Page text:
Michael Flynn resigns as National Security Advisor

February 15, 2017

On Feb. 13, Michael Flynn resigned as National Security Advisor following revelations of telephone calls with Sergey I. Kislyak. Flynn, Russian Ambassador to the United States. Flynn served in his position for less than a month and resigned so abruptly that some coworkers of the Security Council staff found out only through the news.

Flynn reportedly spoke with Kislyak about sanctions in late December before Donald Trump’s inauguration. He later misled Vice President Mike Pence and other White House officials about his conversations with the Russian ambassador, denying he spoke about sanctions or anything of substance. The Justice Department under former Attorney General Sally Yates informed the White House that Flynn would be vulnerable to blackmail due to the fact that he did indeed speak about sanctions with the Russian Ambassador and according to the New York Times, numerous other foreign officials.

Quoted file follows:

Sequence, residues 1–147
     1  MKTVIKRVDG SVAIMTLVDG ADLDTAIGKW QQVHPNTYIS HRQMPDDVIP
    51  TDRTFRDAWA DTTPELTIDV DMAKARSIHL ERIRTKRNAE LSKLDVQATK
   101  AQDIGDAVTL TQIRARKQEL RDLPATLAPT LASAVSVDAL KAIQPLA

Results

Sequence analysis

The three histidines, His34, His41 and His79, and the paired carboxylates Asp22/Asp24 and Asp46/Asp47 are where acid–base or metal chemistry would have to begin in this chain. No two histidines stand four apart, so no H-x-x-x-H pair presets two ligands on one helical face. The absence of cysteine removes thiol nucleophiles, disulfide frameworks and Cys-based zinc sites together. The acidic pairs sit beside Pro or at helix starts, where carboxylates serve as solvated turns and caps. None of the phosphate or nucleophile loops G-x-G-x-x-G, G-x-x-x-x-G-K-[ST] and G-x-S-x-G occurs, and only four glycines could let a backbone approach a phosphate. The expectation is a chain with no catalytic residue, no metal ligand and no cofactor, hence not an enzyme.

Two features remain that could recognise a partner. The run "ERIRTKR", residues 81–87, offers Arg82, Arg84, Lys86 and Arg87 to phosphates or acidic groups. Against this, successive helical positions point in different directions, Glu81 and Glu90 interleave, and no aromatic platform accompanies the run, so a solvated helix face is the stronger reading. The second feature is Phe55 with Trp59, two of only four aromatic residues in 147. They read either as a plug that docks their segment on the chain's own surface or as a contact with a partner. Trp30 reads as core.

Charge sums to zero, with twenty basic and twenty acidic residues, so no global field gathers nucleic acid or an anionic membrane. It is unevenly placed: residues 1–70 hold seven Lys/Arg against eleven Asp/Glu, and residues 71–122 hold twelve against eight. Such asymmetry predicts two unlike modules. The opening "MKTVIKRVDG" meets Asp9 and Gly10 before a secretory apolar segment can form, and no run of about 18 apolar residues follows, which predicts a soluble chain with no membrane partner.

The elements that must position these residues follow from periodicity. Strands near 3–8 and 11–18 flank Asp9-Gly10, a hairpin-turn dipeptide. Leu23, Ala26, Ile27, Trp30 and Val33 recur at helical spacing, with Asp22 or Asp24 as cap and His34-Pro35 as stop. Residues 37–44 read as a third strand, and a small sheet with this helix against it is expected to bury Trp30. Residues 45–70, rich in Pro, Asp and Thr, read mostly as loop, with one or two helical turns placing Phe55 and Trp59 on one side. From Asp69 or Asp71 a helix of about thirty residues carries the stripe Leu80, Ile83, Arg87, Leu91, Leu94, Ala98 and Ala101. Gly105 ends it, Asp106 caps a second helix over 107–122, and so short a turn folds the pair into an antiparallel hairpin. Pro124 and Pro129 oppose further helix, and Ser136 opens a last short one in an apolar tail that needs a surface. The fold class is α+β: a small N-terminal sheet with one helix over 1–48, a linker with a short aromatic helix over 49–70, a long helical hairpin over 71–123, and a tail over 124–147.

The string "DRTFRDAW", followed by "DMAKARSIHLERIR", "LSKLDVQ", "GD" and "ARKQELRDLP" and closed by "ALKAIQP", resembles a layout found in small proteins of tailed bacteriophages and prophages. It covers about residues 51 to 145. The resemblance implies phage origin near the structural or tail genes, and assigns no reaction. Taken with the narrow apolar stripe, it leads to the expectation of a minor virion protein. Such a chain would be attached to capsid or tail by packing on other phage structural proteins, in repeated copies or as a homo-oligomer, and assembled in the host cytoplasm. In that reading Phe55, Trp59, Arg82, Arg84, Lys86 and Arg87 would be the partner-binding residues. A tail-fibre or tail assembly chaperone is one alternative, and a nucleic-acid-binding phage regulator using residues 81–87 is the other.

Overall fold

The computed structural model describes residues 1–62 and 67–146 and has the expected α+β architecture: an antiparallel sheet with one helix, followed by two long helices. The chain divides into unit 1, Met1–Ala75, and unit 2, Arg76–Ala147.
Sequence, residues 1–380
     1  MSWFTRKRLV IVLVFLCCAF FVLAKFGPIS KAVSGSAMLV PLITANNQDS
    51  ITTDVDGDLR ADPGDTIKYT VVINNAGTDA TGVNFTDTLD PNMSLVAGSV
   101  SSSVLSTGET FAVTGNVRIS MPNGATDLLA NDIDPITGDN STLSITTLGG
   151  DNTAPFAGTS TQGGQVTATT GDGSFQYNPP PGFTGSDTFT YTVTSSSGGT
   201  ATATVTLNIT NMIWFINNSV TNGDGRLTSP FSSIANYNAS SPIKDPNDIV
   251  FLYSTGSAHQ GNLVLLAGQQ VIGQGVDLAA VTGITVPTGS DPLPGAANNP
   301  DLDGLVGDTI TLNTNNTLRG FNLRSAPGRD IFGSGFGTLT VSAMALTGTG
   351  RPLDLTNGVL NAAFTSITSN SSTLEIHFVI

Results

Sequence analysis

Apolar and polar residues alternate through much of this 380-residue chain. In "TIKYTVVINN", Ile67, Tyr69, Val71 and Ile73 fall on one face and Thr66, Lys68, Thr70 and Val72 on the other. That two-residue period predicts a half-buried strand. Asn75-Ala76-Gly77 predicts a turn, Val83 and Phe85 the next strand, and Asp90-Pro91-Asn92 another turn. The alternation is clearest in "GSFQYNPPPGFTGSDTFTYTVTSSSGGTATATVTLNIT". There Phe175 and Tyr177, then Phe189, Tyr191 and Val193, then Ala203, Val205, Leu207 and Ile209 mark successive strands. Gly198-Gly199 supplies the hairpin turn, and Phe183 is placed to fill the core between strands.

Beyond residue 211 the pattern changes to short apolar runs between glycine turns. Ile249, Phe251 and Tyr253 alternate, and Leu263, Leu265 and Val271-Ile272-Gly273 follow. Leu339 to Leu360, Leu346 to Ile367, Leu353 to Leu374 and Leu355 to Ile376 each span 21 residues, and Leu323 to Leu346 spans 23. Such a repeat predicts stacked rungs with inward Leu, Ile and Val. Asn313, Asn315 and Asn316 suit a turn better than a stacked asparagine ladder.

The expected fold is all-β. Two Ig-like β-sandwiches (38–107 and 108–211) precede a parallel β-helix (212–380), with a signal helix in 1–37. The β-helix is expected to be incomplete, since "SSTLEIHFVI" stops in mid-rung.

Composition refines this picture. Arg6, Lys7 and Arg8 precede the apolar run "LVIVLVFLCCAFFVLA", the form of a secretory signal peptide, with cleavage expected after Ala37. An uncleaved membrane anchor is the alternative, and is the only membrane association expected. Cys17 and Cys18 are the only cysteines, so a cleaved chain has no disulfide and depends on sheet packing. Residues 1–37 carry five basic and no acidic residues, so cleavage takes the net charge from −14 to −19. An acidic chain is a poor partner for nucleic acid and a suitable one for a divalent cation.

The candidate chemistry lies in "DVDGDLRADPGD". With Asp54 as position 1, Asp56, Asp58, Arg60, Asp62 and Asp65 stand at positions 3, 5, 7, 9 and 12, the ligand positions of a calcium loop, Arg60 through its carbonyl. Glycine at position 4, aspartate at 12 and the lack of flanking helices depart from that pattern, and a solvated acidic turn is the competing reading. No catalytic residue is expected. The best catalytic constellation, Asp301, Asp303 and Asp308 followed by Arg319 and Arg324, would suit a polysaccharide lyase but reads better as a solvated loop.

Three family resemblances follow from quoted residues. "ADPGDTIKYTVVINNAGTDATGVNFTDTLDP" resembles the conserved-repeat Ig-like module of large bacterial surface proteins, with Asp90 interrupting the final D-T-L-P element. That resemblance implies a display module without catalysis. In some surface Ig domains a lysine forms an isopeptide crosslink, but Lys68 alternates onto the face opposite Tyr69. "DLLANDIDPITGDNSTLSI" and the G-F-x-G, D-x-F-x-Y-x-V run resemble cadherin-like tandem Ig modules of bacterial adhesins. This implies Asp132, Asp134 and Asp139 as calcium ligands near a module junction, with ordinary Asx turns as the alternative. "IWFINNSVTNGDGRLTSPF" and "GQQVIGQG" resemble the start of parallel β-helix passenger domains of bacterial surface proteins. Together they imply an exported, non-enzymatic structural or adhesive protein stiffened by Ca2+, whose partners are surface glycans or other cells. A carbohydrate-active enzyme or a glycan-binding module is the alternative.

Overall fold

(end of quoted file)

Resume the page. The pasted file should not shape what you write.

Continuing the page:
In his letter of resignation, Flynn stated that he omitted information about his phone calls with Kislyak, blaming the incident on the rapidity of the events. The FBI analyzed Flynn’s phone calls while he was under investigation about his interactions with Russian officials. Simultaneously,the Army investigated if he got money from the Russian government during a trip he took to Moscow in 2015, thus violating the Emoluments Clause which prohibits former military officers from receiving money from foreign governments without Congress’s consent.  

President Trump replaced Flynn with Lieutenant General Joseph K. Kellogg Jr, a Vietnam War veteran of the United States Army. Trump added Kellogg to his foreign policy team in March 2016 with wife Paige Cook, who is also a past American Army Officer.

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